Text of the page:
6 Tips for Raising Kids Who Don't Cheat

Doing Good Newsletter


cheating kids

According to researchers, the number of students who cheat at school has risen dramatically in the last 50 years. One survey found that an astounding 95% of high school students admitted to some kind of cheating. What's responsible for the rise? Culprits could include ease of technology, poor societal role models, too many tests, a competitive society and pressure to excel. Here are tips to help keep your children focused on integrity and combat the pressure to achieve at any cost.

-Jenny Friedman, Executive Director


Make a Difference.....

  1. Doing homework and projects for your child sends the message that grades are all-important. Instead, emphasize the importance of learning, effort and mastery.
  2. Be explicit about your values. "I'd rather you get a bad grade than cheat" or "Learning the material is more important to me than your grade on the test." When your child does fail, help him or her learn to cope with the disappointment.
  3. Set a good example. Show integrity in your own life, and talk about the times you've been tempted to cheat. Explain why you chose not to and the difference it's made.
  4. Emphasize the impact of cheating on others. Help your child understand that it's unfair to those who studied for the test, spent time completing their homework themselves or practiced hard to win a game. Describe the value of having a reputation for honesty and being a person others can trust.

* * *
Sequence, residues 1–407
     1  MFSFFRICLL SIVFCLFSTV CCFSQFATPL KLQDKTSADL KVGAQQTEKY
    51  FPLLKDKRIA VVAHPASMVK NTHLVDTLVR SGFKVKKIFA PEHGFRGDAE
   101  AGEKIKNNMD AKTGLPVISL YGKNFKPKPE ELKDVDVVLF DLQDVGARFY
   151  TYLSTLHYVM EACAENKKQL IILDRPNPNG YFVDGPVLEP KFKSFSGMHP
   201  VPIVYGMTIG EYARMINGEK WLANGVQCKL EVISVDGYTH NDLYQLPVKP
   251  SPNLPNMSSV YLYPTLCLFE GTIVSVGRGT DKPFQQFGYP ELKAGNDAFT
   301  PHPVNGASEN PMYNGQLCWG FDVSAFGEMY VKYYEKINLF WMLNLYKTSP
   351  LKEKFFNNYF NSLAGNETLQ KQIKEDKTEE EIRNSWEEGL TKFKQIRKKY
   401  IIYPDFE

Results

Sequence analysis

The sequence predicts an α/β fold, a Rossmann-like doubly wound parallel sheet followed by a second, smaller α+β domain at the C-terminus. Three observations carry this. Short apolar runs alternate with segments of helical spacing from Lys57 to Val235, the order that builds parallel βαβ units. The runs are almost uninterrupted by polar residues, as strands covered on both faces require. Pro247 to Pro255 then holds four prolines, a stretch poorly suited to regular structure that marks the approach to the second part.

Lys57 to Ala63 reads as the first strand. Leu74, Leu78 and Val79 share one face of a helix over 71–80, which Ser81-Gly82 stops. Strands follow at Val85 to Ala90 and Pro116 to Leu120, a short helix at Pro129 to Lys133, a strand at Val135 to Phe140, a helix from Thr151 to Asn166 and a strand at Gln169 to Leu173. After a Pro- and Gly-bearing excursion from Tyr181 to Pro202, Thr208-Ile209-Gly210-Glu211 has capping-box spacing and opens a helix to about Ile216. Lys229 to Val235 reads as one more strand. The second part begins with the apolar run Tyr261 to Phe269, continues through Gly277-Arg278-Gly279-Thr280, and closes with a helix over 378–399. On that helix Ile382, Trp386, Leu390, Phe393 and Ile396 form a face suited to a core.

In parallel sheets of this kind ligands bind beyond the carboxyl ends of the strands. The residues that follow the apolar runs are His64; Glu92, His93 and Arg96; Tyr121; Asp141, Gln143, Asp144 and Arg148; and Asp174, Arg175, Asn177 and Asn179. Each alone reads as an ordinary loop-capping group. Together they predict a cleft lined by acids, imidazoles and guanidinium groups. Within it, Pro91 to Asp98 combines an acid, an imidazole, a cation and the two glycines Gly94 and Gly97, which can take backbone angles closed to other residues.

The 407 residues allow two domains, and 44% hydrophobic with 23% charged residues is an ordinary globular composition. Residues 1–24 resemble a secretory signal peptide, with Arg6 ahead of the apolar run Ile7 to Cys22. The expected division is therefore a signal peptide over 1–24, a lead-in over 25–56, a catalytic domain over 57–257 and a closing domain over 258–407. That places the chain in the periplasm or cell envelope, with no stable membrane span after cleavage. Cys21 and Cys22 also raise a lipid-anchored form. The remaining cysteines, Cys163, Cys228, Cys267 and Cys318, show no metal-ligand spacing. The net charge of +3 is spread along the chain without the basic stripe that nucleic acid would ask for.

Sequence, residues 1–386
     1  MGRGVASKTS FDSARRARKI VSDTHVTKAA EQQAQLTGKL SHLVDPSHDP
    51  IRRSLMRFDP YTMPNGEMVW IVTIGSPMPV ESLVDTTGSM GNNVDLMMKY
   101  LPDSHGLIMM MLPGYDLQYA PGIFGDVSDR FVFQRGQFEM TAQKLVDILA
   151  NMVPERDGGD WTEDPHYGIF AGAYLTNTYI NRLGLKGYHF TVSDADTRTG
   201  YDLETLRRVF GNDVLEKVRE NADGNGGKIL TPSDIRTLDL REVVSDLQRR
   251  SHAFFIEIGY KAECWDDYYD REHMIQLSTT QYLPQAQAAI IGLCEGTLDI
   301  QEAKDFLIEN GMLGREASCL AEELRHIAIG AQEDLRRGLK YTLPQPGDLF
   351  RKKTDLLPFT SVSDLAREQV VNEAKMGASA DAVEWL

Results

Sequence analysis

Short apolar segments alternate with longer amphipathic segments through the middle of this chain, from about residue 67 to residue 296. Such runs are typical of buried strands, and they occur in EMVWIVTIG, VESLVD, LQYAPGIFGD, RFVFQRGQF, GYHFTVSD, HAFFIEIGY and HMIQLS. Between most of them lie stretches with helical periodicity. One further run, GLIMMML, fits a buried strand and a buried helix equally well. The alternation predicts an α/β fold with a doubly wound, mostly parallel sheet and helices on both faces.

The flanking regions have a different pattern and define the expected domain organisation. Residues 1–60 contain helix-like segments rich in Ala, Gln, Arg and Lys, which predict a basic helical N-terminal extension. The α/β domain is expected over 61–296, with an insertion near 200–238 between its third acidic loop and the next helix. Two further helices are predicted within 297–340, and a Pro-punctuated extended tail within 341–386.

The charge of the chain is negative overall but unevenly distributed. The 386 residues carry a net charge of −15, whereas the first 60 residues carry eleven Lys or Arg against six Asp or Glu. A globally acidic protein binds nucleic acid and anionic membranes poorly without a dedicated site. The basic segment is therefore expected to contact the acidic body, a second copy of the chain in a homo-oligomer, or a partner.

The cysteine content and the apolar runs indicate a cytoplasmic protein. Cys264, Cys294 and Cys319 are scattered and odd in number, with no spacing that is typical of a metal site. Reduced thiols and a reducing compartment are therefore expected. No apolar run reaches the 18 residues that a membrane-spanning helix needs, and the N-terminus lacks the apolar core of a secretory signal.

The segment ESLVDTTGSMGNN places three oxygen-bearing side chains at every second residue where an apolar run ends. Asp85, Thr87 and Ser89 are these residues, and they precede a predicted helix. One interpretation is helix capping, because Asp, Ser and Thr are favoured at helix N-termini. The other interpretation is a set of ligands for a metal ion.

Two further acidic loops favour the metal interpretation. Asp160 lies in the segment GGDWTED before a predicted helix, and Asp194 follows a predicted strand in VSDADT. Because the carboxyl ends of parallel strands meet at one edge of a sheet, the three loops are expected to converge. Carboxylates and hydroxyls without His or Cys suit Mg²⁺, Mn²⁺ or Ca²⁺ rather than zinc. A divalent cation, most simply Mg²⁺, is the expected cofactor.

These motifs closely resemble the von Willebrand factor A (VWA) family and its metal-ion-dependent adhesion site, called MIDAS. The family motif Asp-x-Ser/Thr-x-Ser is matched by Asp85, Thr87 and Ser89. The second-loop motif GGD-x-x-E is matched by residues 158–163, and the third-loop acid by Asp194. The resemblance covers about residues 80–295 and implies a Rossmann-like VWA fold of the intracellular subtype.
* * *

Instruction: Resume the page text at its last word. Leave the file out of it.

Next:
5. If you do discover your child has cheated, dig a little. Ask questions to learn why they felt they needed to be dishonest. Then address those pressures with your child.
  6. Acknowledge that cheating is tempting (it makes what's hard seem easy) and that having integrity can take guts. Point out instances when others have stood up against the pressure to be dishonest and how much you respect their courage.


Talk About It.....

Most students say they've never had a serious talk with their parents about cheating. Perhaps it's time to have that conversation. Here's how.

  • Begin the conversation when your child is in elementary school, before cheating has become widespread in the classroom.
  • Accentuate the positive. Instead of focusing on the dishonesty of cheating, talk about why integrity is so important to you.
  • When discussing school, ask questions that don't put an emphasis on grades, such as: "What did you learn?" or "What was the most interesting thing you found out about whales when you wrote your report?"
  • If your child receives a bad grade, express concern that they may not have mastered the material rather than dwelling on the grade.

Learn About It.....

The Empty Pot by Demi (ages 4 and up). Simply told and beautifully illustrated, this story shares the beauty of telling the truth.

A Day's Work by Eve Bunting (ages 4-7). A young boy gets a lesson in honesty and integrity from his grandfather.


Live so that when your children think of fairness, caring, and integrity, they think of you.
-H. Jackson Brown Jr., American author